Race 9 Preview: The Seattle Pacific Challenge

19 March 2016

Renowned by many as one of the toughest features of the circumnavigation, the fleet departs Qingdao for The Seattle Pacific Challenge from China to Seattle, USA, on Sunday.

So what exactly can the crews expect from the month-long 5,400 nautical mile challenge, the lengthiest scheduled race of the series?

The mighty Pacific Ocean is the world’s largest and at times, the closest humans to the teams will be those on the International Space Station some 300 miles above them.

Also the world’s deepest ocean, the Pacific is known for its huge rolling waves, its storms and cold temperatures, meaning the crew could face ice and snow.

Race Director Justin Taylor highlights the main tactical and meteorological points of the crossing: “Possibly fog and definitely China’s huge fishing fleets are in store from the first day along with forecasted light and variable winds as the crew leaves Qingdao.”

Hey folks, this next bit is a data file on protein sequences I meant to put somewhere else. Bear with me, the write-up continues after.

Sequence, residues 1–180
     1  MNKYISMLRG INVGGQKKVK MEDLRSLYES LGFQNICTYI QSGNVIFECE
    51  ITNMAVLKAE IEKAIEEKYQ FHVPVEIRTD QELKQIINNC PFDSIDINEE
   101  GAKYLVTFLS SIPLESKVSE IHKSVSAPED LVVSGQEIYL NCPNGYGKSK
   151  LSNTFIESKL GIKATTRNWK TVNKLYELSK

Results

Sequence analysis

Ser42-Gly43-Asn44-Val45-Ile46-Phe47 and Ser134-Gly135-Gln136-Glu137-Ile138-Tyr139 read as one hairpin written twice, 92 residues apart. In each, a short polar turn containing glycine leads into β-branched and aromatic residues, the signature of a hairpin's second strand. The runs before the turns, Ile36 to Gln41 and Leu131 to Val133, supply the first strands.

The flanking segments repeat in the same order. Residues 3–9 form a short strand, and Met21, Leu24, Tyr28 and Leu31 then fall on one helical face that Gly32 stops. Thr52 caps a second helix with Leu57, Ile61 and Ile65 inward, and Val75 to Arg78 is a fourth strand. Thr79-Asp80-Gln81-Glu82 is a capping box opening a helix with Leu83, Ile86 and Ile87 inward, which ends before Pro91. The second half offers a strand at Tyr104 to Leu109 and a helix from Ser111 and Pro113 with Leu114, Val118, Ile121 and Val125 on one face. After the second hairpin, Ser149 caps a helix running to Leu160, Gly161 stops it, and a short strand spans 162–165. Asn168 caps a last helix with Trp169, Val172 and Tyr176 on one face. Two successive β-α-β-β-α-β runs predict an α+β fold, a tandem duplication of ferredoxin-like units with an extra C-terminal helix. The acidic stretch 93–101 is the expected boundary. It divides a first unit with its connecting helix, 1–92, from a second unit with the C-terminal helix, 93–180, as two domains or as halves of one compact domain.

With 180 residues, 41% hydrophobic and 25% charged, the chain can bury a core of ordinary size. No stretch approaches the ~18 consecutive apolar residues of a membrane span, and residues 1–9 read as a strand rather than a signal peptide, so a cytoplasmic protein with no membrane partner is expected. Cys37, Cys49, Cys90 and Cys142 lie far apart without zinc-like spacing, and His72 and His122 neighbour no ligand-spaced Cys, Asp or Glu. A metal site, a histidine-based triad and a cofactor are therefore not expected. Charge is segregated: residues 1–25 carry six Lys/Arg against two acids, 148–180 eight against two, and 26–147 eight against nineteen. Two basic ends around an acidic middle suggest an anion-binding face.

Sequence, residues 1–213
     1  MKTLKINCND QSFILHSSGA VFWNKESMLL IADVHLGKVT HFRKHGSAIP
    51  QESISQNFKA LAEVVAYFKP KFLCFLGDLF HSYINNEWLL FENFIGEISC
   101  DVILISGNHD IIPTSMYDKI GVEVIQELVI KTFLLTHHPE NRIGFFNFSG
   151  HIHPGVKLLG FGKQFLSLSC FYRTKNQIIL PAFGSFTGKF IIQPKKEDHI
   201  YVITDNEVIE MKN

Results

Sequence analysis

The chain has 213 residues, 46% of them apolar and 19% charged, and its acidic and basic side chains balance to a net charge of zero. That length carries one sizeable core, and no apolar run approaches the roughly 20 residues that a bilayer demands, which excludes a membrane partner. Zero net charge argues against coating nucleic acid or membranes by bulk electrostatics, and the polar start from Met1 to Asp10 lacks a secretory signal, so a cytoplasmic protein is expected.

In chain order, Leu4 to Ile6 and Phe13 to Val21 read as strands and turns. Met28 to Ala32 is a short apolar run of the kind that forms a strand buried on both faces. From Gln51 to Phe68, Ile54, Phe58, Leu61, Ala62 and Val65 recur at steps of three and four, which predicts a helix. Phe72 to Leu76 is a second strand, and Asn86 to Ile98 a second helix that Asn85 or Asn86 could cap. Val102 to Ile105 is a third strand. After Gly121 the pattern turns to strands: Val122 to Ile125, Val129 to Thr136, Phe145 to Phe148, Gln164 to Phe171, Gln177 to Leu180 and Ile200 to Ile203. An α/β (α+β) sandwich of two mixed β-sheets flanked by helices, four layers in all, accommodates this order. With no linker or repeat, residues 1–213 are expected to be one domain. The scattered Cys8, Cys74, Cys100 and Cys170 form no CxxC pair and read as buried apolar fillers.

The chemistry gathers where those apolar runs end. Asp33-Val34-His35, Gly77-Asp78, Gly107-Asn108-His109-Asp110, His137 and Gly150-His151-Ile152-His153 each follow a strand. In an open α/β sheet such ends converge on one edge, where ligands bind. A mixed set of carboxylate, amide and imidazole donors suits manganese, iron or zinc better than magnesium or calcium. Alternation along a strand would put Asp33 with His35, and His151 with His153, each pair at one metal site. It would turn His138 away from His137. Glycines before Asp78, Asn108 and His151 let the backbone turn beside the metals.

Due to the large number of fish traps, danbuoys, floats and other fishing gear, after the Parade of Sail, the fleet will then motor-sail in line astern formation just inside the traffic separation system where fishing gear is at a minimum. At the end of the TSS the fleet will use the preferred shipping route to a virtual mark approximately 30nM out.

If at this time the Lead Skipper (who in this instance is Daniel Smith of Derry~Londonderry~Doire) feels that there is enough daylight left and the area is significantly clear of fishing gear then the race shall be started using the Le Mans procedure. If the race is not started then the fleet will proceed until 0000 UTC (0800 local) when the Lead Skipper will start the race using the Le Mans start procedure after giving the Race Office one hour's notice.